By Clifton L. Holland and J. Gordon Melton

Last revised on April 23, 2002

Argentina is on the southeastern part of the South American Continent, separated from its Western neighbor, Chile, by the Andes Mountains. Both the Andean and the Patagonian regions were inhabited by large indigenous groups at the time of the Spanish colonization. The influx of Christianity has all but wiped out the indigenous religion of the native peoples of Argentina, but it survives in the more remote areas along the Andes Mountains and along the border with Bolivia and Paraguay. In the last half of the twentieth century, shamans among the Guarani people in the Province of Misiones have attained a status as alternative healers, and the sophistication of Guarani religious thought has been recognized by anthropologists.

In 1502, Americo Vespucio commanded the first ship of Spanish sailors to arrive at the mouth of the La Plata River. Argentina was first settled by the Spanish in 1516, and the first Catholic missionaries arrived by 1539. Argentina gained its independence in 1816 after the commercial bourgeois ousted the Spanish Viceroyalty of the River Plate. Most Argentines today are descendants of the European immigrants (mostly from Spain and Italy but also from Russia, Poland, Germany, England, Ireland, France, Portugal, Armenia, Lebanon and Turkey) who arrived between 1870 and 1950. Among them is found the largest Jewish community in South America and the fifth largest in the world.  There are about 1,050,000 indigenous peoples mainly in the north and southwest, many of whom continue traditionalist religious practices.  The current total population of Argentina is estimated at 37,031,802 (April 2000).

The Roman Catholic Church was established in Argentina with the arrival of Franciscan monks in 1536. Their work was supplemented by the Jesuits in 1586. The Jesuits were especially active among the native people. The expulsion of the Jesuits in 1767 placed the church in a leadership crisis that was merely deepened by the forces that created an independent Argentina in 1810. The new ruling elite was both anti-Spanish and anti-clerical. Its opposition to the Catholic Church was manifested in an attempt (ultimately unsuccessful) to establish an independent Argentine Catholic Church. At the end of the nineteenth century, the country was reported to be 99 percent Catholic and Catholicism was the State religion.

The Catholic Church was strengthened by a century of heavy immigration (four million from 1850 to 1950) from predominantly Catholic European countries (Poland, Ireland, Italy and Spain).  In addition, a number of Ukrainian Catholics also arrived and constitute the largest of the several Eastern Rite communities now present.

Today, freedom of worship is guaranteed for all Argentines by the constitution. The Roman Catholic Church maintains its official status, and adherence to Catholicism was a requirement for eligibility to the offices of president and vice-president of the republic until the constitutional reforms of 1994. In 1995, the country was about 90 percent Catholic, the Protestant population totaled only about seven percent, and other religious groups or the non-religious comprised about three percent.   In 1992, the Ministry of Cults and Foreign Affairs listed 2,986 registered religious groups:  1,790 were Evangelical groups, about 400 were Catholic or Orthodox organizations (mainly religious orders and institutions), 382 were listed as "diverse spiritual cults," and 387 were of Afro-Brazilian origin.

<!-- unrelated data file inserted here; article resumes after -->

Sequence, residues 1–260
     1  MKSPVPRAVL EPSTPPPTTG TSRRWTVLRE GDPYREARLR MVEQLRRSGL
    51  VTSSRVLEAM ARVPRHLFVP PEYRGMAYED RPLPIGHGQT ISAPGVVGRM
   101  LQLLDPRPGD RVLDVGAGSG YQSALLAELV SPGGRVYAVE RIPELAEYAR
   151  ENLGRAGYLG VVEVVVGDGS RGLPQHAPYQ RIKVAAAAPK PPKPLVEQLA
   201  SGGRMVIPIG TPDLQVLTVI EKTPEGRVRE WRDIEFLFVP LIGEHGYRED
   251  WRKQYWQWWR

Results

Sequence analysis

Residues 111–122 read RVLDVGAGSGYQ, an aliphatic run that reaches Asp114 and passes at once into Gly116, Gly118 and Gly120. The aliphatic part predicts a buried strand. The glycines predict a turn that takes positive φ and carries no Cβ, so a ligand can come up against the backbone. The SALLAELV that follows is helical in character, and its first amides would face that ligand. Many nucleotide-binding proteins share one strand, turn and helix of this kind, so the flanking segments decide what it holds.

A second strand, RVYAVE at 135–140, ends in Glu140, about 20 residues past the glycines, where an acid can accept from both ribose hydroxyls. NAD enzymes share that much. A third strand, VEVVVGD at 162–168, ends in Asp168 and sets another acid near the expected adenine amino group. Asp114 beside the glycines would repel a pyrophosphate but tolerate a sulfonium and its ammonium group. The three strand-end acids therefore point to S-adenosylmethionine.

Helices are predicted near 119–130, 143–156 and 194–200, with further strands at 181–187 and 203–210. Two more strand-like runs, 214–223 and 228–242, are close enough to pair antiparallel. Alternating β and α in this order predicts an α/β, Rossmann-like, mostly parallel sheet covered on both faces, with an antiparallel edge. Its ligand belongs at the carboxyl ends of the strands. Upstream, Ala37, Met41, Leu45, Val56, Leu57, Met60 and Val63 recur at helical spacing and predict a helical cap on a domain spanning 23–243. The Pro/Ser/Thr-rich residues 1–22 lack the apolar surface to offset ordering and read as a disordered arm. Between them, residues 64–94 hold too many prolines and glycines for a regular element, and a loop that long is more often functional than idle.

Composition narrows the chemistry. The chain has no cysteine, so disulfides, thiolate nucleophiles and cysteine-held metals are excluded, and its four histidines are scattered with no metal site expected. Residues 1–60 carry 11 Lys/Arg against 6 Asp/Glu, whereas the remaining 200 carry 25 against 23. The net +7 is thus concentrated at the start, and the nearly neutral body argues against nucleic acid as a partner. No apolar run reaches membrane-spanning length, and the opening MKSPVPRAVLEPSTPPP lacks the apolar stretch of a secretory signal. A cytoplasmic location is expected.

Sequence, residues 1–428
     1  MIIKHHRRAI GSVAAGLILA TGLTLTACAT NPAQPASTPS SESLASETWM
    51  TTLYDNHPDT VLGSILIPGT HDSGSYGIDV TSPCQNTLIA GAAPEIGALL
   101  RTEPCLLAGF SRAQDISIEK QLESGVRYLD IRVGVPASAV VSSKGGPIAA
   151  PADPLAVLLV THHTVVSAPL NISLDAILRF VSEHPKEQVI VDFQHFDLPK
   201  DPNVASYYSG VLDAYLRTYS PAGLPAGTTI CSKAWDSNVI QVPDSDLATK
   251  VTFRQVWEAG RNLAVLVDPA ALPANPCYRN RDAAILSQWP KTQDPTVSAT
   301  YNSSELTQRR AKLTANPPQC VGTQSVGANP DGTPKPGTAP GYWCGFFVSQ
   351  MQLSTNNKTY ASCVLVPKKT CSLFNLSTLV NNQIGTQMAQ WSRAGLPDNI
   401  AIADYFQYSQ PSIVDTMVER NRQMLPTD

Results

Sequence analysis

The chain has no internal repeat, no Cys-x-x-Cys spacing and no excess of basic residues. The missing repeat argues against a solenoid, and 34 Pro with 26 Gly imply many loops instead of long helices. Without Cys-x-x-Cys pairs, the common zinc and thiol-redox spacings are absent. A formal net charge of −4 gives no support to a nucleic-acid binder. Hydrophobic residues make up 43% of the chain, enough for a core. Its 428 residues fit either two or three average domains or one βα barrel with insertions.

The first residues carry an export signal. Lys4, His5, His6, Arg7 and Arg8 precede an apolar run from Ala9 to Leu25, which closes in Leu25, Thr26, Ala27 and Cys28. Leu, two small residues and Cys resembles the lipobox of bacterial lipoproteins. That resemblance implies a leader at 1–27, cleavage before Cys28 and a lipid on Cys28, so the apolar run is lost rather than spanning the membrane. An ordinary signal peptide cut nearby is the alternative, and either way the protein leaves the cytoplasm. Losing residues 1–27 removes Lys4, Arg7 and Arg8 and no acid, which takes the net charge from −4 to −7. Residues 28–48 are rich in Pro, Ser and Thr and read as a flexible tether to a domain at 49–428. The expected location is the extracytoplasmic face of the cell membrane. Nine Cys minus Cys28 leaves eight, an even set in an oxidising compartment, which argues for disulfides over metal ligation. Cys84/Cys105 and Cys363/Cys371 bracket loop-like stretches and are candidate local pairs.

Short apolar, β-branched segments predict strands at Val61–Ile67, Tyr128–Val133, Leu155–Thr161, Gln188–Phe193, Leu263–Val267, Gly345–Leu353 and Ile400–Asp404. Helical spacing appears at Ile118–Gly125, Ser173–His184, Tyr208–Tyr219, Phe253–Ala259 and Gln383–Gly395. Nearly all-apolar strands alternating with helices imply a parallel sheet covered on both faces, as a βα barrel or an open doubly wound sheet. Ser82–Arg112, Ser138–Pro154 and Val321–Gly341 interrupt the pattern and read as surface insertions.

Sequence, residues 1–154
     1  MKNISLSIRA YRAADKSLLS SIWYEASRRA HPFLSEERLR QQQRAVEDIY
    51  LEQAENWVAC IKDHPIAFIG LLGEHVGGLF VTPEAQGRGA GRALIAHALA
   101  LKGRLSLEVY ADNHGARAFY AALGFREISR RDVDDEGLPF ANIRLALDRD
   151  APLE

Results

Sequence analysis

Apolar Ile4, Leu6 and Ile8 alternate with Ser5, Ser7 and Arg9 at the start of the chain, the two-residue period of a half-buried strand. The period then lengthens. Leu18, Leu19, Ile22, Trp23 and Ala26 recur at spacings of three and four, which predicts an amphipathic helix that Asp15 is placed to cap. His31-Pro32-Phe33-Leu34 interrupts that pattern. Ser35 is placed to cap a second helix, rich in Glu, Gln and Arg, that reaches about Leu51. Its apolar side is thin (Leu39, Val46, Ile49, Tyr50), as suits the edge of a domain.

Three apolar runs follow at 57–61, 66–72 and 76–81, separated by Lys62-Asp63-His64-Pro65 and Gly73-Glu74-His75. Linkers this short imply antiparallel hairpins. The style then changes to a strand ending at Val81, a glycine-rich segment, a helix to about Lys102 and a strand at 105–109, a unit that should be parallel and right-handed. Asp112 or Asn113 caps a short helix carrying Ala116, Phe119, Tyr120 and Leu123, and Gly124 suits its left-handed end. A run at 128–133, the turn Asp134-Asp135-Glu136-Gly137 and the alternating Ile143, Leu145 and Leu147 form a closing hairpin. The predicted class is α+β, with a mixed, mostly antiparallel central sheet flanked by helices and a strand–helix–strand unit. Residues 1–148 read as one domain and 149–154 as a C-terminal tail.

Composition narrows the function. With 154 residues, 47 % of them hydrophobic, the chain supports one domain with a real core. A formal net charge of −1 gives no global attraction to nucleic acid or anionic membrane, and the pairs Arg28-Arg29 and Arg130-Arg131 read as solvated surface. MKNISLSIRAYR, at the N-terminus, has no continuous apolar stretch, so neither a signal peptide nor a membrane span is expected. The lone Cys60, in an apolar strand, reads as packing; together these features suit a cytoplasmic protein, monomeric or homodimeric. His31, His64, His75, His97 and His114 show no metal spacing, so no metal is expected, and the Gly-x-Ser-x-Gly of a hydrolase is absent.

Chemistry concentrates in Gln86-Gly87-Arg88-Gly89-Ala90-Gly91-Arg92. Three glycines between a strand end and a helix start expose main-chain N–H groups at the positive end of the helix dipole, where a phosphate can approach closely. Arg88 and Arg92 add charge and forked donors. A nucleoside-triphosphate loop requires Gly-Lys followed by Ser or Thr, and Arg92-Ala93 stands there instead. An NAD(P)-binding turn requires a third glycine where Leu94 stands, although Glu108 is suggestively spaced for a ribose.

The early presence of Protestantism (1800s) was due in large part to the immigration of English Methodists, Scottish Presbyterians, German and Scandinavian Lutherans, Italian Waldensians, Welsh Protestants, German-Russian and French-Swiss Baptists, Armenian Congregationalists, Dutch Mennonites and Dutch Reformed, among others. Today, at least nine branches of Eastern Orthodoxy exist, and there is a small Anglican presence. Missionary efforts by Anglicans (Church of England) and Presbyterians (Church of Scotland) began in Argentina in 1824, ministering to English and Scottish immigrants in their own languages in Buenos Aires. The Anglican work is now incorporated into the Anglican Province of the Southern Cone. The Methodist Episcopal Board of Missions began work in Buenos Aires in 1836. In the 1850s, Anglican missionaries (later, the South American Missionary Society) began work among the Indians of the Patagonia and later of the Chaco in northern Argentina. During the late 1800s, new Protestant missionary efforts were begun among the Spanish-speaking population: Christian Brethren (1882), Salvation Army (1882), Seventh-Day Adventist Church (1894), Christian and Missionary Alliance (1895), South American Evangelical Mission (1895) and Regions Beyond Mission (1899).

Dozens of other Protestant mission agencies arrived during the early 1900s, notably the Southern Baptist Convention (1903), the Christian Church-Disciples of Christ (1904), Lutheran Church-Missouri Synod (1905),  the Assemblies of God (1914), the Mennonite Church (1917).

In 1995, the estimated size of the Protestant non-Pentecostal denominations in Argentina was as follows: Seventh-Day Adventist Church (64,400 members), the Evangelical Baptist Convention (44,800), Christian Brethren (34,800), Evangelical Lutheran Church (Missouri Synod, 21,100), and the Anglican-Episcopal Church (11,000).  All other non-Pentecostal Protestant denominations had less than 10,000 members in 1995.